Sump pumps are designed to move water that has flowed into a sump pit away to an intended discharge location. Many companies make various lines of sump pumps and similar utility pumps. Everbilt, a trademark of The Home Depot, is a line of highly affordable sump and utility pumps that are very easy to install.
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Everbilt Sump Pumps Compared
Gallons Per Hour
Everbilt 1/3 HP Cast Iron
Everbilt 1/3 HP Pedestal Sump Pump
Everbilt 1 HP Professional Sump Pump
Why Choose Everbilt?
What makes Everbilt sump pumps different from other sump pump brands is that they are phenomenally easy to install. There is almost no assembly, and most DIY installers find the process quick and easy.
If you are in the market for a very long-lasting, high-quality (but possibly pricy) sump pump—Everbilt is not for you. These units are inexpensive, especially if bought used. However, their warranties can be as long as 5 years.
All Everbilt products are CSA-listed, and with careful installation, basic maintenance, and vigilant use—they are effective pumps.
Everbilt Sump Pump Styles & Material Types
5 Best Everbilt Sump Pumps Reviewed
1. Everbilt 1/6 HP
It has the lowest max pump rate and vertical lift on this list at 1680 GPH at 20 ft., respectively. However, unlike others reviewed here, this pump will keep working to the point of near emptiness, while most sump pumps stop at a few inches of water.
Unlike others reviewed here, this unit is not automatic: If you plug it in, it will turn on—it has no mechanism to sense water level. Therefore, it is not suitable for standby purposes but great for planned tasks, such as removing water from a window well.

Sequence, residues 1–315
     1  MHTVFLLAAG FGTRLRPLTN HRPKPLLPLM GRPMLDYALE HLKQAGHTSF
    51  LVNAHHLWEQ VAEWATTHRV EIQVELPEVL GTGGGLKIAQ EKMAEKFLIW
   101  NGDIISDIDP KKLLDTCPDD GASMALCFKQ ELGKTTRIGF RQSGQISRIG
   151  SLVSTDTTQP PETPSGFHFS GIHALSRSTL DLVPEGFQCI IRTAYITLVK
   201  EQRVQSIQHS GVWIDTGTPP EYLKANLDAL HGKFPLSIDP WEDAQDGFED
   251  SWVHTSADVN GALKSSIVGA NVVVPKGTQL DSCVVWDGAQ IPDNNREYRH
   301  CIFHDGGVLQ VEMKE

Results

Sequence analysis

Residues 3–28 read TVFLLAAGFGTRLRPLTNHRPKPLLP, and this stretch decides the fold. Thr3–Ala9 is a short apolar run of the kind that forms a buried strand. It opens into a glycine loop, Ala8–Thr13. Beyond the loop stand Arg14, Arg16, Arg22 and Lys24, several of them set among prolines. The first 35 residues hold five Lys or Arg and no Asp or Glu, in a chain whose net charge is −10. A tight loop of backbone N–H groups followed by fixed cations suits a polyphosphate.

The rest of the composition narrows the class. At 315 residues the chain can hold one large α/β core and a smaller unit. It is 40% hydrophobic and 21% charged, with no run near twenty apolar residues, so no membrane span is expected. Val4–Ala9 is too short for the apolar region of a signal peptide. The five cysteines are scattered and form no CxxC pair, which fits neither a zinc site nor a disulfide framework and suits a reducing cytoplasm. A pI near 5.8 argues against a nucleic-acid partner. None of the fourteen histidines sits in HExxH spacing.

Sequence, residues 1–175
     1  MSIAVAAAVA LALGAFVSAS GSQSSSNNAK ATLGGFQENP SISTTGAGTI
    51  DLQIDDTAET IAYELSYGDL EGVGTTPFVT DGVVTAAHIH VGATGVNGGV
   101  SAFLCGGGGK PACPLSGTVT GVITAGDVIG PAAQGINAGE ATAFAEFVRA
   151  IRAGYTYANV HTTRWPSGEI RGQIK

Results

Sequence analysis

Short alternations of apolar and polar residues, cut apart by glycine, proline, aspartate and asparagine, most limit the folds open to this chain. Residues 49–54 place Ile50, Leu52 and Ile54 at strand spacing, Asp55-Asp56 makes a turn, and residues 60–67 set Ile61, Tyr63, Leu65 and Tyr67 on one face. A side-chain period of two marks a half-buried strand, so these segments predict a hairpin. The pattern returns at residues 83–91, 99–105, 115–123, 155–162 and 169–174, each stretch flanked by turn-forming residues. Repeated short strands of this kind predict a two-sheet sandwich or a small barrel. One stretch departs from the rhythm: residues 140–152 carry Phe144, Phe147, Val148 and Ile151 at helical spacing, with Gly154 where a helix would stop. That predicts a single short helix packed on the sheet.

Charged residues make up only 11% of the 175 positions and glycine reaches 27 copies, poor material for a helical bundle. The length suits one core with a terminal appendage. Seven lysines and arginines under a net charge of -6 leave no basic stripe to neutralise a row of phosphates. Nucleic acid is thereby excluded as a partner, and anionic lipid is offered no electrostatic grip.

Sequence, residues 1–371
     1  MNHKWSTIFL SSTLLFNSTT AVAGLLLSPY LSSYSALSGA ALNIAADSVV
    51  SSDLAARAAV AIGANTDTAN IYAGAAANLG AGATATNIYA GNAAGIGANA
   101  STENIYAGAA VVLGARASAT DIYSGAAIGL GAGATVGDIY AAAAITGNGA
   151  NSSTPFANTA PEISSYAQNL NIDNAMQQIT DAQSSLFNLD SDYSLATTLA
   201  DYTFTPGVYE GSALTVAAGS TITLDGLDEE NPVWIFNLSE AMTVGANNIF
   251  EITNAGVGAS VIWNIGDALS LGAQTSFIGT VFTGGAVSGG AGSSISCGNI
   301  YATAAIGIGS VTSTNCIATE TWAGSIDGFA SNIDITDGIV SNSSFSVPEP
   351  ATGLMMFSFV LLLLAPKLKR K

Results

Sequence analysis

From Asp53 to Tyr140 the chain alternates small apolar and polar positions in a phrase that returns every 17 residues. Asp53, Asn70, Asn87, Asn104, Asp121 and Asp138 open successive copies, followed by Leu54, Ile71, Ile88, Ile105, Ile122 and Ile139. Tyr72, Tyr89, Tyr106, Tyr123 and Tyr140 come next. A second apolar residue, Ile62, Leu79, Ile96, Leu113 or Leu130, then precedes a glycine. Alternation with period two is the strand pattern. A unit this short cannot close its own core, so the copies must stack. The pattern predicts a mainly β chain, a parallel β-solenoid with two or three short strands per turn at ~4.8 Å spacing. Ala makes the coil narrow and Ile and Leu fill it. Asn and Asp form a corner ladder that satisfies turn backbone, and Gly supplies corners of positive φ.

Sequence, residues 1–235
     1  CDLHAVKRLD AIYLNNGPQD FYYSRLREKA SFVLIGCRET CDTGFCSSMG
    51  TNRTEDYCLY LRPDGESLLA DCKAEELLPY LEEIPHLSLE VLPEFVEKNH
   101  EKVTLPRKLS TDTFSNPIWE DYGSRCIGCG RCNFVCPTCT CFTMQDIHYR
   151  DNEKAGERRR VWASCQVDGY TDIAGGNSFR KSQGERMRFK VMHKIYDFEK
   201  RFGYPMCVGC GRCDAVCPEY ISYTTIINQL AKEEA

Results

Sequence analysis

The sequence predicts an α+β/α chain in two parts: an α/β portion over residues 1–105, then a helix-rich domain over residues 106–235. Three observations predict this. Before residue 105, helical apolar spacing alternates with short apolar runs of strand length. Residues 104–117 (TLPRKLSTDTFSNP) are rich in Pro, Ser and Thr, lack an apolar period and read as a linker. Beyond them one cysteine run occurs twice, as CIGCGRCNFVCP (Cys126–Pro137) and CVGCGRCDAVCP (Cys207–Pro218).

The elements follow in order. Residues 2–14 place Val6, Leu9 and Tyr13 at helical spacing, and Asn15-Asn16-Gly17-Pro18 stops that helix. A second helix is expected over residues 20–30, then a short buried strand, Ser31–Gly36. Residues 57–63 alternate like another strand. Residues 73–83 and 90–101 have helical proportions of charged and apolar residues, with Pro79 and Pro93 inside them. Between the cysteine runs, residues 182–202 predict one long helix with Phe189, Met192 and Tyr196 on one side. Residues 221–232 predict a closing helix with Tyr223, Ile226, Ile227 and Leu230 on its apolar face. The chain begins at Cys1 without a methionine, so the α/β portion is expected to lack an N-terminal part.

A Home Depot reviewer reported, “…I used it to pump out water from my basement using a standard garden hose,” and “…to remove water from my pool cover.”
2. Everbilt SBA050BC
An excellent value for price, the Everbilt SBA050BC is the best Everbilt ½ HP submersible sump pump. It has a 27-ft. max vertical lift and 3800 max GPH. The motor has overheat and clog protection, and its reinforced aluminum housing is sufficiently reliable for the purposes of a unit this size and makes it lightweight for its power, at 9.2 lbs.
This unit will start automatically as water levels rise. However, since it has a tethered (rather than vertical) float switch, be sure your basin is at least 14 inches in diameter so that the switch does not get caught. While not really loud, it does make a sound that one might hear in other rooms of a house. This Everbilt sump pump also comes in 1/4 and 1/3 HP versions.